I had just about fallen asleep when I heard Matt asking if they had a room available for the night.

Ten minutes later, we were comfortably settled down the street at a motel. We cranked up the heat, put our shoes in front of it to dry (we had been playing in Lake Superior earlier in the day and the exteriors of our shoes were still wet) and took long, hot showers before going to bed. It was wonderful to be completely dry and warm that night.

We called it an early Christmas present, since we stayed at the Christmas Motel in Christmas, Michigan.

Amazingly, our tent survived the night … Everything was just as we left it, although it was still so windy the next morning, it nearly blew away as we were trying to get it down. A neighboring camper had to help us! We weren’t able to pack it up, but we did manage to get everything into the car.

Of course, I had to scrapbook this crazy night.

While waiting for Matt to register us at the motel, I had taken pictures of the temperature and the rain on the windshield. The next morning, I took photos of the sign and outside of the motel. I used those, along with the pictures I had taken of the rain on the tent, to help tell the story on my page.

I also used the Mosaic Moments Arrow Die … it’s a versatile die because you can use either the inside or the outside or both together! I made a video to show you how it’s done … click here to watch.

Have you ever scrapbooked the weather?

NOTE: I was compensated for creating this video.

 

Classes, classes and more classes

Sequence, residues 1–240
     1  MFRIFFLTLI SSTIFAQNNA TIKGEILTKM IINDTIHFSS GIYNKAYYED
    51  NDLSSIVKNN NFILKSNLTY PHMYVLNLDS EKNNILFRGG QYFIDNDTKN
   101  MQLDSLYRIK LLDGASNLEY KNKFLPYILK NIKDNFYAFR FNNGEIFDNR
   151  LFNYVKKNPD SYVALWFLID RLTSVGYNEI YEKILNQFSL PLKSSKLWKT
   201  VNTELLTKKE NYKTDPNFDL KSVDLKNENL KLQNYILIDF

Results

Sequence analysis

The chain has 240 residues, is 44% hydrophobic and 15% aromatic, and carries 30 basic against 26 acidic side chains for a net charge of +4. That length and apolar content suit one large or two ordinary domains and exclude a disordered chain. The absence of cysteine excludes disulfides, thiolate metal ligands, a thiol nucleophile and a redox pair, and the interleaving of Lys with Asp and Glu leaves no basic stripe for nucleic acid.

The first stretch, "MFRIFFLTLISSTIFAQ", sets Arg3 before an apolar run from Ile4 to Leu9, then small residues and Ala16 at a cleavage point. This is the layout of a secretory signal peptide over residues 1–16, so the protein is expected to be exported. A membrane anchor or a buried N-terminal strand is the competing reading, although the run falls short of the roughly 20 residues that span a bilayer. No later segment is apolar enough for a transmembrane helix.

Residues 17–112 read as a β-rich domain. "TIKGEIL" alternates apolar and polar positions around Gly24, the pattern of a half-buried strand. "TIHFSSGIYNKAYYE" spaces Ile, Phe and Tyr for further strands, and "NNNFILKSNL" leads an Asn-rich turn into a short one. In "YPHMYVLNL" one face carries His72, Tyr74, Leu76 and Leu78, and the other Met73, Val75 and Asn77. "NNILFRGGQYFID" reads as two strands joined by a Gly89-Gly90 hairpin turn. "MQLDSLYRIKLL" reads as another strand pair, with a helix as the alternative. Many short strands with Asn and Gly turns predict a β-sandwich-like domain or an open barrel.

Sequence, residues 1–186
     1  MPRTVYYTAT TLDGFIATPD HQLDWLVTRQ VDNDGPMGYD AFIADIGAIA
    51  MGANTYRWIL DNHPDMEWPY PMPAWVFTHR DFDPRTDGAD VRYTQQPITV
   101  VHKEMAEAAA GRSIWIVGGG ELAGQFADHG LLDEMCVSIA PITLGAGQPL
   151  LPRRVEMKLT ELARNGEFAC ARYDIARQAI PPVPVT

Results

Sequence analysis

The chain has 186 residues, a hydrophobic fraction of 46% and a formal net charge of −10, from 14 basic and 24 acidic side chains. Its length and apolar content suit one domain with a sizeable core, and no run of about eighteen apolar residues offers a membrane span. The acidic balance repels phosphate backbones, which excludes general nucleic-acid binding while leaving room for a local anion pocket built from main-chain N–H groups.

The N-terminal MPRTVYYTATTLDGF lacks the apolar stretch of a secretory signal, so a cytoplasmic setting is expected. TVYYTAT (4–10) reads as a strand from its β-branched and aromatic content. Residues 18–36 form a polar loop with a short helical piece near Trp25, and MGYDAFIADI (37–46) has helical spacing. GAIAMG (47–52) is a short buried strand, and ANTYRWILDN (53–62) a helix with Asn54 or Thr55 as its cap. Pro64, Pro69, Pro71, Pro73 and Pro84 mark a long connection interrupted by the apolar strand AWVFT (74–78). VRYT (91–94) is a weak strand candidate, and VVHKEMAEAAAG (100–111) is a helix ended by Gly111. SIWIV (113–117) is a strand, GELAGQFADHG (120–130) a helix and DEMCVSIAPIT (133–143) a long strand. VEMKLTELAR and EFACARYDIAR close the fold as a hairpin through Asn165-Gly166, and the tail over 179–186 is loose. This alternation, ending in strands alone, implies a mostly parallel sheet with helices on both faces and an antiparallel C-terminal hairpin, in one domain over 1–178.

Learning is fun — if you know where to look. And crafting classes are always great fun.

Personally, I like real classes — not ones that are more like project kits — but ones where the instructor provides tips and tidbits while helping you make a project or learn a new technique. It doesn’t really matter what I make, it’s the process that is rewarding.

I could listen to Wendy Vecchi, Colleen Schaan, Tim Holtz or other experts teach all day long. I could take the same class again and again and always learn something new.

Sure, I can follow the directions and place a brad at a certain spot, I don’t need an instructor for that. But when the instructor adds tips for lining it up just right or telling you what not to do (because they’ve done it and it was a minor disaster), well, that’s what I expect to pay for when I take a class.

I remember taking a class from an EK Success rep years and years ago. We were working with products that aren’t even made anymore and the layouts I created never did receive photos or make it to my album. But, that rep taught me how to tear paper — a simple technique that you wouldn’t think you would need help with, but I’ve taught it over and over again and everyone seems thankful for the tips.

It’s moments like that that make the class worthwhile. And, since that is what I expect, that is how I model my classes.

And, I have quite a few classes on the horizon … I’m going to add a space to my blog for them to reside permanently, but for now, here are the classes I have coming up:

Art Glitter Lace Notebook

Sunday, Jan. 22 1-2:30 p.m.

Copic Airbrushing

Tuesday, Feb. 7 5:30-7 p.m.

Heritage: Holding Documents

Sunday, Feb. 19 1-2:30 p.m.

Adding Texture with Copic Colorless Blender

Sunday, March 18 1-3 p.m.

Cricut: Layers & Masking

Tuesday, Feb. 21 5:30-7 p.m.

To register or for more information, contact Capture A Memory at 810-733-0716 or click here …

I look forward to seeing you there!